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America’s Uninsured Crisis: Consequences for Health and Health Care
COMMITTEE’S RESOLUTION AND RECOMMENDATION
Resolution of the IOM Committee on HealthInsurance Status and Its Consequences
In executing its charge, this committee has studied the available data and applied rigorous scientific criteria to set the record straight on the issue of health insurance coverage. The findings presented in the previous chapters and summarized below have expanded upon earlier IOM research on the consequences of being uninsured. The body of evidence on the health consequences of health insurance is stronger than ever before.
Lack of knowledge is not the problem. Preventable suffering related to uninsurance continues and promises to get worse rather than better. Inaction will lead to further erosion of coverage. There always has been, and will continue to be, uncertainty and disagreement about the best way to address major issues of public policy. The issue of cost, in particular, is daunting. But the nation has been successful with other complex issues that are intertwined with deeply held interests and ideologies. The opportunity to make the necessary difference is never the perfect one. Now is the time to act, emboldened by the knowledge and compassion of a society that truly cares about its members and that has a history of tackling difficult problems.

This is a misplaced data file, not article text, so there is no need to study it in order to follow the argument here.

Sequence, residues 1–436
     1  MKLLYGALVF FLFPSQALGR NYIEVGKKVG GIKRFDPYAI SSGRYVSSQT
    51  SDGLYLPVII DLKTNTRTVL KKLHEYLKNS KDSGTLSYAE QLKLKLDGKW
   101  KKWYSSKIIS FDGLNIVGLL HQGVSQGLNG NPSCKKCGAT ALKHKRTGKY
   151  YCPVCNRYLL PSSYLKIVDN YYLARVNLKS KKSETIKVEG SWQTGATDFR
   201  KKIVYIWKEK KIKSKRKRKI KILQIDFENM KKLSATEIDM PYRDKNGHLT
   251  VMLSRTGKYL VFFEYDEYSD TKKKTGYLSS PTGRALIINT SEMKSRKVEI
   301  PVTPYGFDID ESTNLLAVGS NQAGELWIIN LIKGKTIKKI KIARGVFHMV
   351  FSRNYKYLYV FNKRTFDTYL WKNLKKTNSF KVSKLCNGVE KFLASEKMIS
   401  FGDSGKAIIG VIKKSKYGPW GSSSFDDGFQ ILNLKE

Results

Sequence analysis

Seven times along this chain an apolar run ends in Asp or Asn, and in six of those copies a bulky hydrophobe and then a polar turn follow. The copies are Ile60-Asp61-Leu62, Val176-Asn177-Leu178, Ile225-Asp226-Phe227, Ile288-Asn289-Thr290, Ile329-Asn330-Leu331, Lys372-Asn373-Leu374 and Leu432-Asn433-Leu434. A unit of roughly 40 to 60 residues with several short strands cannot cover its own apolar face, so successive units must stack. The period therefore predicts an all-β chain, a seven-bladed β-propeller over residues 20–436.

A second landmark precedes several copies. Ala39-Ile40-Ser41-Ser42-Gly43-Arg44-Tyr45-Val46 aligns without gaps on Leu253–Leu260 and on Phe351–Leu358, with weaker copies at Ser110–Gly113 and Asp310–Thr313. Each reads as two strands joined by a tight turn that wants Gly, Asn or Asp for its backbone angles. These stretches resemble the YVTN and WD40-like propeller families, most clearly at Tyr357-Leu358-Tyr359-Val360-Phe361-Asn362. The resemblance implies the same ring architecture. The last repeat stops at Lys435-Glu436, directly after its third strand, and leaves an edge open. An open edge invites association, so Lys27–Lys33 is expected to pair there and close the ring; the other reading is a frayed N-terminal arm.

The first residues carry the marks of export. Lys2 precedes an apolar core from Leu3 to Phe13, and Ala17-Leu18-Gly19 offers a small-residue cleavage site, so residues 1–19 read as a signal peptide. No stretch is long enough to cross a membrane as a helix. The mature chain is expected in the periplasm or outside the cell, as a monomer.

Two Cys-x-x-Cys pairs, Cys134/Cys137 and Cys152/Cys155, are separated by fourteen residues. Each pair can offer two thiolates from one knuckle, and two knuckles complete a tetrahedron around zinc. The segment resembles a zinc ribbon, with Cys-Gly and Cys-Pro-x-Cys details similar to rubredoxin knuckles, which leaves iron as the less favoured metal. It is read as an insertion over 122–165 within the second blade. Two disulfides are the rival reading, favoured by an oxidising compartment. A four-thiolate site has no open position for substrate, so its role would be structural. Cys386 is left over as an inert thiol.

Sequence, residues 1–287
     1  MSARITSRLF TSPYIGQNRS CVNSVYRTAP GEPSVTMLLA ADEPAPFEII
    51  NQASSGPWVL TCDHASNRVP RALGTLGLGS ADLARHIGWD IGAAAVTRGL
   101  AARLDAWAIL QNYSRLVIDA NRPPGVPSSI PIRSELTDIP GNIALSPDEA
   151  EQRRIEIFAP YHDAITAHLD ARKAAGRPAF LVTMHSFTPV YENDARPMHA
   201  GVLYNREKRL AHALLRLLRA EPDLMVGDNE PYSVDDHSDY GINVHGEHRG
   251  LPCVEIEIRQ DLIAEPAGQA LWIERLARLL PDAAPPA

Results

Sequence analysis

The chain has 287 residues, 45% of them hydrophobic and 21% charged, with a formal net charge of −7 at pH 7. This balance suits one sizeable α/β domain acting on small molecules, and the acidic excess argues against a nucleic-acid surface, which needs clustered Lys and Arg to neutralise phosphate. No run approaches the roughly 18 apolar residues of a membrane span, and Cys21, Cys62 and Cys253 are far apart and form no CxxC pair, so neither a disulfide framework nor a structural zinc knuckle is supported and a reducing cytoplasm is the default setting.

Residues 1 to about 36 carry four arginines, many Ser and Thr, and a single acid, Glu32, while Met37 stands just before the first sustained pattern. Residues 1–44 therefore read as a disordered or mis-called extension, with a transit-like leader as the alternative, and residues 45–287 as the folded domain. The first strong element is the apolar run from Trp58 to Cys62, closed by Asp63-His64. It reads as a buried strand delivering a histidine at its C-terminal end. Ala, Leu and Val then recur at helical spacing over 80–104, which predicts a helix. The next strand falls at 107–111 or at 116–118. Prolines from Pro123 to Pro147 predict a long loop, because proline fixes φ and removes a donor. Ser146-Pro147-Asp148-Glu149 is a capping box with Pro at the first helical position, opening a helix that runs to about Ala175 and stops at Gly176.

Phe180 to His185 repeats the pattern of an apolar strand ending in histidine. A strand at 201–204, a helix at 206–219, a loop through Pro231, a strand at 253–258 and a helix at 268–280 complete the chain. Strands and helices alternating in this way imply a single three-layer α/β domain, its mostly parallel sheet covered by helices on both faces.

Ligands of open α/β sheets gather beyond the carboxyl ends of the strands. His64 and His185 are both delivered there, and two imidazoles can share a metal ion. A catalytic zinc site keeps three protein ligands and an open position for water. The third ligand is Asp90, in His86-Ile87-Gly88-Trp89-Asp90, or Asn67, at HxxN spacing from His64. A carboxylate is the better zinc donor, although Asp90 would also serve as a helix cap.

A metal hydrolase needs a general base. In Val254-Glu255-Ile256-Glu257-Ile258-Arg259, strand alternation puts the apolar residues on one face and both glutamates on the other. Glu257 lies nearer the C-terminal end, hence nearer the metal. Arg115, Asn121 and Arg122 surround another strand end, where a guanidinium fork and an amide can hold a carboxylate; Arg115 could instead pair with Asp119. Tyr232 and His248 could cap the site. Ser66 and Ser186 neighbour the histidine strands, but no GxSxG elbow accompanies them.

The committee recommends that the President work with Congress andother public and private sector leaders on an urgent basis to achievehealth insurance coverage for everyone and, in order to make thatcoverage sustainable, to reduce the costs of health care and the rate ofincrease in per capita health care spending.
There is a compelling case for action. Simply stated: health insurance coverage matters. Expanding health coverage to all Americans is essential and should be done as quickly as possible. It is also of paramount importance that steps be taken to reduce health care expenditures and the rate of increase in per capita health care spending so that health insurance coverage for all can be achieved and sustained in an economically and politically viable manner. The committee does not believe that action should be delayed pending the development of a long-term approach to underlying health care costs. Given the demonstrated harms of not having health insurance for children and adults, the committee believes that actions to achieve coverage improvements should proceed immediately.